Earlier, during the second Greek-Turkish High-Level Cooperation Council, the two sides had signed 25 separate bilateral agreements.
Summarising the results during joint statements with the Turkish premier, Samaras said it had been “a good day for relations between the two countries,” AMNA reports from Istanbul.
During this joint press conference, Erdogan reported that they had shared a “common conviction based on the principles of a win-win solution,” that there should be “steps for an Exclusive Economic Zone in the Eastern Mediterranean.” Samaras, however, stated that this was “not the time to go into details” on this issue and that Greece “reserved the rights arising from international law.”
Samaras stressed that Greece, in spite of the crisis, remained a stable factor for peace and security in the region, adding that the meetings aimed to build up good neighbour relations and attempt to resolve differences.
On the issue of the continental shelf, he said this was a subject of exploratory talks between the two sides and emphasised Greece’s commitment to international law and international treaties. “We are establishing relations of mutual respect. The golden rule for a good relationship is mutual respect, national sovereignty and respect for international law,” Samaras underlined, according to the agency.
The Premier expressed Greece’s support for Turkey’s full accession to the European Union, stressing that this was a “fixed point of reference” but one requiring that Turkey fully comply with all the obligations of an EU candidate state. He said that Greece wanted a solution to the Cyprus problem that respected European rules and regulations, international law and the decisions of the UN Security Council.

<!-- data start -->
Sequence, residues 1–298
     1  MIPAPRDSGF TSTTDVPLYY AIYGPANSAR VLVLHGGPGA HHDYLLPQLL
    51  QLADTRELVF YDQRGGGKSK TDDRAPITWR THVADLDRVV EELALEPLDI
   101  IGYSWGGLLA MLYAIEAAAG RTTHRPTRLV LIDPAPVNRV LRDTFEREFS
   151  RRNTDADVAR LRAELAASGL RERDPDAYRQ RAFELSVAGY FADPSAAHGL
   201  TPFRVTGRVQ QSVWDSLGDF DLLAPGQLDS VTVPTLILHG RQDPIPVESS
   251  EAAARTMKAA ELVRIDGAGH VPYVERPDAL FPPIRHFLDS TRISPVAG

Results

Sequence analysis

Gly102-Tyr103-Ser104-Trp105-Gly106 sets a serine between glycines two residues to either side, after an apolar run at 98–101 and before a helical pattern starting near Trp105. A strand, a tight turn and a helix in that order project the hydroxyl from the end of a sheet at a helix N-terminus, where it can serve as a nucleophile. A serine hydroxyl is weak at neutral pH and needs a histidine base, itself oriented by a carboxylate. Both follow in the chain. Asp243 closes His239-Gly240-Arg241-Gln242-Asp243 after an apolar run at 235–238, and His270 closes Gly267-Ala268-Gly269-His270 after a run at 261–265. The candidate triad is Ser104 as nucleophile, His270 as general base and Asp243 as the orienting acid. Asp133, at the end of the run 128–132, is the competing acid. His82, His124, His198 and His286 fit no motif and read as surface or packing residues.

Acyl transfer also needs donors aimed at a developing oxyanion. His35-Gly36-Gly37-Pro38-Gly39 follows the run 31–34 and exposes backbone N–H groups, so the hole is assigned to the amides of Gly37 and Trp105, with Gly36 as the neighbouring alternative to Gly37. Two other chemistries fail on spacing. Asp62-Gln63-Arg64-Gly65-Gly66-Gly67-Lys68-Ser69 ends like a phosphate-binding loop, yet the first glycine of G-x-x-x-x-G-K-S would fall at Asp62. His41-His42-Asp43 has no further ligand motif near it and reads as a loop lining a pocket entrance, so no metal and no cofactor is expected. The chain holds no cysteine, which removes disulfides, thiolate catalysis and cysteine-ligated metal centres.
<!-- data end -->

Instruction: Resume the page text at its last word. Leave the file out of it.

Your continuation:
The Turkish Prime Minister described yesterday’s meetings as “very useful” and stressed that the number of agreements signed, as well as the 22 agreements signed in 2010, “are indicative of the progress we have made in areas of cooperation”.
“Greece and Turkey are neighbouring countries and are fulfilling their obligations. Neighbourhood has obligations,” he said, adding that the meeting had served to “examine the issues that have been realised and those that can be realised.”
Erdogan said: “We believe the constructive atmosphere between our countries, the mutual understanding and good-neighborliness will strengthen our ties further,” he said. The Turkish prime minister added, however, that “there are still issues we do not agree on and our disagreements may be significant, but we are trying to forge relations of mutual respect.”
On the issue of a state mosque in Athens, which Ankara recently offered to sponsor, Samaras said that a Greek state project for an official state-backed place of worship for Muslims in the Greek capital was in the works.
The premiers co-signed 25 bilateral agreements on issues ranging from trade to tourism to natural disaster relief. Erdogan said the goal was to double last year’s 6.5 billion euros in bilateral trade this year. He said Ankara wanted to contribute to Greece’s economic recovery, declaring that “Greece’s problems are our problems.”